So.....how do you aim?
There is an art to aiming.
I cover it in detail in my book, See To Play: The Eyes of Elite Athletes. I also give you tips on aiming more accurately and exercises to improve your aim.
In my blog today, I’ll go over a few of those pointers;
This is the art of aiming in a nutshell.
Do you want to improve how you aim?
It’s a simple as going to your eye doctor to fix the first four steps. Many athletes fool themselves into believing they see well enough. The problem with that thinking is that the best athletes see the best. Why do you want to give them a head start? (why don’t you just tape a few fingers together....that will really help them beat you)
There are many ways to help you improve insteps 4 through 7. My book is full of such vision exercises.
I also developed, the See To Play Gaze Stabilization Exercise (also known as the “Eye Baller”) which trains all of those areas.
I wish you only the best in your aim and the outcome of your sports move.
See the Best and Be the Best!!
Injuries are a part of sports. For those of you that have read my book and blogs, eye injuries are no exception.
This is why players and athletic training staffs need to be prepared.
Baseball is the leading cause of sports related eye injuries for athletes under the age of 18. Basketball causes more eye injuries for athletes over the age of 18.
This video is graphic....and brand new. A player had his eye poked out of his eye socket. He was lucky. The teams medical staff immediately treated this sports related eye injury.
The eye ball is kept in place in the eye socket by eye muscles. Muscles can stretch so the eye ball can "pop out". That doesn't change vision.
What changes vision in this injury is if the optic nerve is damaged. The optic nerve hooks the eyeball to the brain. It transports vision to the brain. If it breaks, it's like power being ripped out your house: the TV dies, computers die, the heater/air-condition die.... Everything electrical ceases to work.
In the eye, a ripped optic nerve causes a person to be blind.
The average optic nerve...like a power cord..has a certain length. Everyone has a little extra length in their optic nerve. Some more than others.
This player was lucky. He had enough extra length of his eye power chord so that when the eye was popped out of the eyes orbit, the nerve wasn't broken causing blindness.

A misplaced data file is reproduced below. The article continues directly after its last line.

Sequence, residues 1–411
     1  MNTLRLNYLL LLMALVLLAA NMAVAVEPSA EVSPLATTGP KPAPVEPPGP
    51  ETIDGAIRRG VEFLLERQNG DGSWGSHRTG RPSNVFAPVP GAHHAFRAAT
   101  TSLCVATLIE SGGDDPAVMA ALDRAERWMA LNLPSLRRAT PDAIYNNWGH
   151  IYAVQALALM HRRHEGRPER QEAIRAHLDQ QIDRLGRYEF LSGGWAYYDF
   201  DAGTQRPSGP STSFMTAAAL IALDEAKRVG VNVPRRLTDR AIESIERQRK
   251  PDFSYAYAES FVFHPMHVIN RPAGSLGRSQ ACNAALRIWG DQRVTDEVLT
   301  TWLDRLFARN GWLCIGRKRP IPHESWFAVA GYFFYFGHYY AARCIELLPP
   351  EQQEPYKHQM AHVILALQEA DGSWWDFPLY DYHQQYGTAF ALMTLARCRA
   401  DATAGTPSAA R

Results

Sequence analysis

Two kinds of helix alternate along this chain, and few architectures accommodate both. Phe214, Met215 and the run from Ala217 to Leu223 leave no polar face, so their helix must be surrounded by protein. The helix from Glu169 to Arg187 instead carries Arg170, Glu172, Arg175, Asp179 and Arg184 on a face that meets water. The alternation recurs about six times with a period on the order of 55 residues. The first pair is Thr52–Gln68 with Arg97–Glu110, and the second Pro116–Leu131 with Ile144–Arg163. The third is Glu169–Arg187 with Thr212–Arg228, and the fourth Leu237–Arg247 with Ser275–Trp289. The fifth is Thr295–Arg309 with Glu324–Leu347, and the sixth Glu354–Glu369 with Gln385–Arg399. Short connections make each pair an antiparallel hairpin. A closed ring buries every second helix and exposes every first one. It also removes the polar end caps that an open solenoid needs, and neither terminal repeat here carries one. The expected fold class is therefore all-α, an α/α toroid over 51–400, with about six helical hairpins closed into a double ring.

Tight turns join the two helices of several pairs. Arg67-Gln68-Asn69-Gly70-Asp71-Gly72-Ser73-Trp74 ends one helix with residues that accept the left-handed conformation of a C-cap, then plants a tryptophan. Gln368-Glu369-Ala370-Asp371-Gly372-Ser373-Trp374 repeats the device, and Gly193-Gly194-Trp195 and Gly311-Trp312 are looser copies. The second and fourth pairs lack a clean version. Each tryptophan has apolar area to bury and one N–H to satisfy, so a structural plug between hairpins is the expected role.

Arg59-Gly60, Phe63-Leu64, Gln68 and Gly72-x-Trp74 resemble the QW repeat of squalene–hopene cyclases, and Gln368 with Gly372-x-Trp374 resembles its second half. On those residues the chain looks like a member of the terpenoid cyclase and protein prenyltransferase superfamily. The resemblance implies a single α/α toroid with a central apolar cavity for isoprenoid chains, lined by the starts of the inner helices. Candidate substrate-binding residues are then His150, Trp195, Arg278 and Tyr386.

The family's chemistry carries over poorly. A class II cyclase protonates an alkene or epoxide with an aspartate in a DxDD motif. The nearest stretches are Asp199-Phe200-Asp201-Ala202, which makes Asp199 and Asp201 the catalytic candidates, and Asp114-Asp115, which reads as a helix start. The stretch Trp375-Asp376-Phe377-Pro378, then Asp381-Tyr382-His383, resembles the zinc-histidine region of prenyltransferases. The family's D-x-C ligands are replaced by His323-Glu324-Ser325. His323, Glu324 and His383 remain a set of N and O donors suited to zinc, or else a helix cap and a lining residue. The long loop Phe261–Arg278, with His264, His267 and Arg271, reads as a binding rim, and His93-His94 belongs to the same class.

My book, See To Play, educates players, trainers and medical staff about sports related eye injuries...and more importantly... how to take care of athletes when these injuries occur.
I wanted to use December's blog to thank those of you that have joined See To Play's mission of educating athletes about their vision. One of the best ways to reach their genetic potential is by taking care of their vision and honing their visual skills.
I'm also very excited at how many of you are implementing the See To Play Gaze Stabilization Exercises and our See To Play Vision Concussion protocol. I continue to be contacted by colleagues, coaches and athletes throughout the year...and this year the number was even larger.
It's also overwhelming for me to see all the different countries involved! We're global!!
Please feel free to contact me so that I can help you with any of your questions on helping athletes See The Best to Be The Best!
Happy New Year!
Unfortunately, injuries are a part of sports. Training staffs are prepared for most injuries. The question is: "Are you prepared for game time eye injuries and eye issues?"
Recently, on a Monday Night Football game, we got to see such an incident occur. This picture shows a trainer attending to an athlete who has having a game time right eye issue.
You can be prepared for the majority of game time eye issues by following these rules:
1. Have a bottle of eye wash available to wash debris out of eyes.
2. Have extra contacts available for players who lose contact lenses in play.
3. Learn this simple method: For athletes who feel something is stuck in the upper lid, simply have them close there eyes, grab the eye lashes of the upper lid and then drag the upper lid over the eyelashes of the bottom lid. Many times, the lashes of the lower lid will knock out trash and dirt stuck under the upper lid.
4. Carry a bottle of artificial tears for athletes to use after the above instances occur.
5. Have cold compresses availabel for any time the eyes sustain blunt trauma.
These are just five quick steps to be ready for the majority of game time eye issues. Athetes should be rushed to the eye doctor's office when there are penetrating wounds or issues where athletes lose vision out of an eye.
Welcome to my blog! I hope this helps you learn a little more about me and also keeps you up to date on my fun world of sports vision.